2. 4 cabins Ė I want 4 double cabins, because then itís easier to have guests onboard, easier to do charters, and easier to have crew (in my case paying crew) onboard. Any cabin not used is great for storage. I only had two cabins on the FastCat and found it to be a pain in the ass. Iím not a fan of owner hulls, because I think too much space is devoted to the heads, something I personally find to be a waste of space.

3. 2 heads Ė I only want 2 heads, because any more than that, is a loss of space, represents extra maintenance and I donít want more through-hulls than absolutely necessary.

4. Galley up Ė On several passages if I had galley down, we would not have made any food. On the hook itís social and nice to have the galley close to the cockpit. This is a personal choice and I know a lot of people think differently. The galley I had on the FastCat rocked, it was probably my favorite thing about the boat.

5. A known brand from a reputable builder with a solid number of cats behind them. This was a recommendation I got from Phil Berman (Multihull Company). I ignored that piece of wisdom and lost heaps of money when I sold the FastCat. Now I will only consider brands that are well known, because it is the only way to guarantee that youíll be able to get remotely close to what you paid for the boat when the journey is over. Small brands are almost like selling a home-built boat, you could be lucky and get what you hoped, but you probably wonít. (The brands that fit my description: Fountaine Pajot, Lagoon, Catana, Outremer, Privilege, Voyage, Leopard, Admiral, St. Francis, Prout, Seawind, Dean, Catalac plus a few others, that I canít think of, off the top of my head).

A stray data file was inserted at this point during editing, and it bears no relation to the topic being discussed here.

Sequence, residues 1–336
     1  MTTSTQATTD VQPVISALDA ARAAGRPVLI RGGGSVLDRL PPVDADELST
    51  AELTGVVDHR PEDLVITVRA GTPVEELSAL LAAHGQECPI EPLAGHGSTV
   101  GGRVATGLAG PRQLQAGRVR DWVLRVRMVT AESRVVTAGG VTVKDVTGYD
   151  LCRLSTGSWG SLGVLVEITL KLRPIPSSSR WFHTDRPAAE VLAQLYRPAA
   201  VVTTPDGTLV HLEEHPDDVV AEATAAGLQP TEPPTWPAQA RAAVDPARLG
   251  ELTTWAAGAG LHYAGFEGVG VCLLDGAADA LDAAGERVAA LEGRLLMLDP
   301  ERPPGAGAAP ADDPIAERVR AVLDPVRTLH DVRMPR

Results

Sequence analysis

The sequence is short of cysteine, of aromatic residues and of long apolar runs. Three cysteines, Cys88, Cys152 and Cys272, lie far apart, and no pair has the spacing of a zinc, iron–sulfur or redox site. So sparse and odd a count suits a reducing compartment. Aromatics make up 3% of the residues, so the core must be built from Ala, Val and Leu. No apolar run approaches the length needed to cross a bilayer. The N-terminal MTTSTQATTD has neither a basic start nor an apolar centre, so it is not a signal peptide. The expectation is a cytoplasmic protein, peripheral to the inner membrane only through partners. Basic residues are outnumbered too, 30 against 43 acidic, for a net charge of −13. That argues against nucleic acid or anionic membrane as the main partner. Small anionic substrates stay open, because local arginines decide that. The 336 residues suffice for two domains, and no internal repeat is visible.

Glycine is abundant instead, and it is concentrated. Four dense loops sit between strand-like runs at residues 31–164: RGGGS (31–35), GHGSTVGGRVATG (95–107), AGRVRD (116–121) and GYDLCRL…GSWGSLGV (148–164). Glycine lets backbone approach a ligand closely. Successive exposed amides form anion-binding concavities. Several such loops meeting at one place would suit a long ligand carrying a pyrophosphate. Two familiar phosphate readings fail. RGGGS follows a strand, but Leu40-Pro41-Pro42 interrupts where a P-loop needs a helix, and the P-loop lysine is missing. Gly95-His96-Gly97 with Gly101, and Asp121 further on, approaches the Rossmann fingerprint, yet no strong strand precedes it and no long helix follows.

6. A large and comfortable cockpit. On the FastCat I could fit 5 people comfortably around the cockpit table Ö I would like to fit 10. The cockpit area was used for virtually every meal and every social gathering, so to have a large and comfortable one is imperative. The trampolines were also used during social gatherings and I have pictures of when I had 35 people in the tramps during a birthday celebration in Tahiti, so you can definitely say that a cat lends itself to a party

7. Yanmar diesel engines. Call me old fashioned, but I would not dare to set sail on a circumnavigation with any sort of hybrid or electrical engine, no matter what the builder claims about zero maintenance etc. Things always break and when they do, youíll be hard pressed to find an electrician or mechanic that knows how to fix the new engines in the Marquesas or on some outlaying atoll. I had Volvo engines on the first boat I had and Iím not a fan. I had Lombardini engines on the FastCat and my verdict is: stay well away from them. It is tough to get spare parts for them anywhere, but in Italy. The only brand I would feel 100% comfortable with is Yanmar engines Ö mostly because Iíve always envied people whoíve had them. Speaking of engines Ö A nice and easily accessible engine area would also be a bonus.

8. On the FastCat, the salon was large and very nice looking, and could comfortably seat 8 - 10 people, but we never used it. In the tropics we used the cockpit unless the weather was absolutely horrendous (out of 100 days, we might have eaten 5 meals inside). So I will have a much smaller focus on the salon, unless it can be incorporated to the cockpit, like on the Seawind. A nice salon is very handy if youíre in cold climates, but then having too big a salon becomes a problem, because itís a bitch to warm up and keep warm (I tried in Norway Ö brrrrrr).

9. I put focus on a forward facing nav-station when I bought the FastCat, but again, I hardly used it. And think the space could have been better utilized. Itís nice to have an area where you keep all the instruments, but unless the boat is really big I personally donít find a need for it. Any chart work was done on the salon or cockpit table and all we really used the nav station for was to check the different instruments if we were inside, so they could have been mounted ďanywhereĒ.